Startups

How business-to-business startups reduce inequality

Comment

Sibjeet Mahapatra

Contributor

Sib Mahapatra is a writer and co-founder of Bureau, an end-to-end office furniture startup in NYC.

More posts from Sibjeet Mahapatra

When considering the structural impact of technology companies on our economy and society, we tend to focus on questions of scale and monopoly.

It’s true that the FAANG companies and more recent winners (Airbnb, Uber) have surfed a combination of network effects, preferential access to capital and classic efficiencies of scale to generate tremendous value for their shareholders — to the detriment of new entrants who attempt to unseat them.

At their high water mark in mid-2018, FAANG alone made up 11 percent of the total market cap of the S&P 500 and 38 percent of the index’s year-to-date gain, representing a doubling in their influence in only five years. The question of regulating technology companies — to the point of instituting anti-trust actions — has even become a rare point of relative concord between Democrats and Republicans in Congress.

But is the narrative of tech companies in the 2010s only a story of economic consolidation and growing inequality? Many of the most successful B2B startups of the last decade are aligned by a theme that paints a different picture. By transforming the nature of the costs required to start a business, these startups are reducing the influence of capital and leveling the playing field for new entrants to share in the surplus generated by the secular shift to a tech-mediated economy.

Source: Getty Images/MIKIEKWOODS

A path to equal opportunity: Turning fixed costs into variable costs

What do AWSWeWorkStordGusto and RocketLawyer have in common? They provide cloud computing services, office space, warehouse storage, payroll management and access to legal templates, respectively — at first glance, not a particularly congruent set of services.

But they are alike in the economic purpose they serve for their customers. Each of these services takes a fixed cost — a bank of servers, a lease, a legal retainer — and transforms it into a variable cost. As a refresher, a fixed cost stays constant regardless of output, and variable costs scale with the output of a business.

When my father started his software consulting business in the early 1990s, I remember the giant boxes of AIX servers that arrived at our apartment, and tagging along to office tours in central New Jersey before he decided to run the company out of our spare bedroom. Back then, starting almost any kind of business was hard because of high fixed costs. Without AWS or WeWork, you shelled out upfront for hardware and a lease.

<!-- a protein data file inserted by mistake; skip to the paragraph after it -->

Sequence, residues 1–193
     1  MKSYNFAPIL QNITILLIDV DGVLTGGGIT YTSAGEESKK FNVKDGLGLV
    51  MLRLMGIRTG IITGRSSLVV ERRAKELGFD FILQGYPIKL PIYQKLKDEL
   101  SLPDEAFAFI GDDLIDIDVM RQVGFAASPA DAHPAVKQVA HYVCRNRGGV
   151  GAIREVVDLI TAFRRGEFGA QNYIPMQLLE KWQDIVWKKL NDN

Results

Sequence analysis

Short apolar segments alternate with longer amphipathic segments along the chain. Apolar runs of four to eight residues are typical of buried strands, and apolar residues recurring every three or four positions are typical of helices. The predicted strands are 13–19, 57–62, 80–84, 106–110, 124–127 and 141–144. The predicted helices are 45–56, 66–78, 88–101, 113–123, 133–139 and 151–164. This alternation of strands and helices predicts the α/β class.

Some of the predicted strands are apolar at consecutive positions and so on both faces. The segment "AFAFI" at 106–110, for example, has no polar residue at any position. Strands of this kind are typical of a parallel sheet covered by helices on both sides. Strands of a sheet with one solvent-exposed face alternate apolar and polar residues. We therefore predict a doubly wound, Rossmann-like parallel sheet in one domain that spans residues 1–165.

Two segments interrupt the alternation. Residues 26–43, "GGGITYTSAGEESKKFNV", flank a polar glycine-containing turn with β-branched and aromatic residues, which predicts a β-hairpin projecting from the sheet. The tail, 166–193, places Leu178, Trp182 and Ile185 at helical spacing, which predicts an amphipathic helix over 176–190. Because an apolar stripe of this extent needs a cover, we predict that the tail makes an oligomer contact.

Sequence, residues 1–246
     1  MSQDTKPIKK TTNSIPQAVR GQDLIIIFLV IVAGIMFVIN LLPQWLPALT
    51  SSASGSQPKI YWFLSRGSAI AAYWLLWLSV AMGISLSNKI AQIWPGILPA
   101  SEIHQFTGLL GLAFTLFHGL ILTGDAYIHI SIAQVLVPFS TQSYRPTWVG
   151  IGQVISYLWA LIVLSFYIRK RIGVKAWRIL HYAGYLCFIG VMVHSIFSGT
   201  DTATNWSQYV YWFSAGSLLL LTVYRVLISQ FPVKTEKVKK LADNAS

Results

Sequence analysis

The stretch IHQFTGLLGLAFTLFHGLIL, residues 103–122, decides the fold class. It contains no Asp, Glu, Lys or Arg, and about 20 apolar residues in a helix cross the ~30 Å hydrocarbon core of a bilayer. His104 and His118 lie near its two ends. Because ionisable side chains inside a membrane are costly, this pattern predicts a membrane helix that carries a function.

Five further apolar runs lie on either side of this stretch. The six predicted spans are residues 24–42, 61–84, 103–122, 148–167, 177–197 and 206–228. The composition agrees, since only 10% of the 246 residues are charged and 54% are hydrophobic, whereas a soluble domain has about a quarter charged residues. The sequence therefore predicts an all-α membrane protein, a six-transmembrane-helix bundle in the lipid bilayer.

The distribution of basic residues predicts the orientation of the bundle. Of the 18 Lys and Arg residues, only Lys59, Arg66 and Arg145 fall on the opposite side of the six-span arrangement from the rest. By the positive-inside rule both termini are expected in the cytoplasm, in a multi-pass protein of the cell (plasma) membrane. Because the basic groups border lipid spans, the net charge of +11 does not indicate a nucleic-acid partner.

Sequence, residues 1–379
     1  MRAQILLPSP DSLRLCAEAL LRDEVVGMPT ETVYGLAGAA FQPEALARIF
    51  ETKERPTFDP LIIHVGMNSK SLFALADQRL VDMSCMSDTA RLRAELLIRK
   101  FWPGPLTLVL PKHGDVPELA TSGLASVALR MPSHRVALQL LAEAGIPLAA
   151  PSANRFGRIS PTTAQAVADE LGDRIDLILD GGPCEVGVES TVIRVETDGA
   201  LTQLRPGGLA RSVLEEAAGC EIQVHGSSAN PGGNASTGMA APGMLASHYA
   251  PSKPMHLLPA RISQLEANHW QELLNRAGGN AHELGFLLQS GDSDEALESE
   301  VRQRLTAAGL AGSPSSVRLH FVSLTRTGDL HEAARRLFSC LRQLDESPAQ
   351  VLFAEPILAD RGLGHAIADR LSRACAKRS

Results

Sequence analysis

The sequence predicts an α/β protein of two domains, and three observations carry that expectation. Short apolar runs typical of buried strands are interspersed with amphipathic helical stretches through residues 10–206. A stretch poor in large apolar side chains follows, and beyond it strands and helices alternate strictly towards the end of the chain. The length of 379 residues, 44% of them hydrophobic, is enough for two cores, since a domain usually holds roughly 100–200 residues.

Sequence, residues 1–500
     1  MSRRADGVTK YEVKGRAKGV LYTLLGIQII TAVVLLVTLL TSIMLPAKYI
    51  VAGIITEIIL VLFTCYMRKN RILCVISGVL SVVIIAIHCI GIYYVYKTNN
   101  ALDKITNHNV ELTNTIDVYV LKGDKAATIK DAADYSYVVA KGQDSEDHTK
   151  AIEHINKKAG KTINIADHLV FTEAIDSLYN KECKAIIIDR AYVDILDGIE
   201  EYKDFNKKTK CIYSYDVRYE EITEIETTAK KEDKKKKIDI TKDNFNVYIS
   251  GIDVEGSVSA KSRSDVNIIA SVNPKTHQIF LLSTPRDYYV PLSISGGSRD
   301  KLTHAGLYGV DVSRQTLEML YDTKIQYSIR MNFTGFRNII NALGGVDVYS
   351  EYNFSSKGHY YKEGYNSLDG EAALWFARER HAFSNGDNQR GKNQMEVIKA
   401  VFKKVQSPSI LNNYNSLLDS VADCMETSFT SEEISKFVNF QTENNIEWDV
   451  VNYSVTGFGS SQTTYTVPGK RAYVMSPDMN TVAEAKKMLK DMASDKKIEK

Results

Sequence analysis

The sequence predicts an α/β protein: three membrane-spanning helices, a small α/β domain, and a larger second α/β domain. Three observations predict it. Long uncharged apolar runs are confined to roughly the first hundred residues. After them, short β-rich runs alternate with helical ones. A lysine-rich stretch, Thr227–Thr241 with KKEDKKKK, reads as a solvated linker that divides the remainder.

Access to capital, whether in the form of a bank loan, savings or friends and family was a prerequisite for entrepreneurship.

Today, startups make it possible to start and scale almost any kind of business while incurring few fixed costs. Want to found an e-commerce store? Start with a free Shopify account and dropship your inventory. Want to become a freelance designer? Put a shingle up on Fiverr and meet clients at a Breather you rent by the hour.

Whether software or hardware or labor, building a business is way easier when overhead is transformed into a string of flexible microservices that you only pay for as you grow.

Image courtesy of Getty Images

Lower fixed costs means capital matters less

Taken together, startups that turn fixed costs into variable costs make it less capital-intensive to start a business. This decreases the influence of gatekeepers and aggregators of capital — an impact evident in the way entrepreneurs think about starting businesses today.

It’s no coincidence that the rise of B2B startups fitting this theme has coincided with the bootstrap movement, in which tech entrepreneurs with major ambitions demur from raising venture funding because — well, they don’t need the money anymore.

It has also coincided with a renaissance in freelance entrepreneurship: 56.7 million Americans freelanced in 2018. Beyond the economic benefits of working for yourself — the fastest growing segment of freelancers earns more than $75,000 a year — freelancers can access the lifestyle and health benefits of owning their destiny, which aren’t directly captured but play a role in the economic picture. Indeed, 51 percent of freelancers said no amount of money would lure them into a traditional job, and 64 percent reported feeling healthier and happier.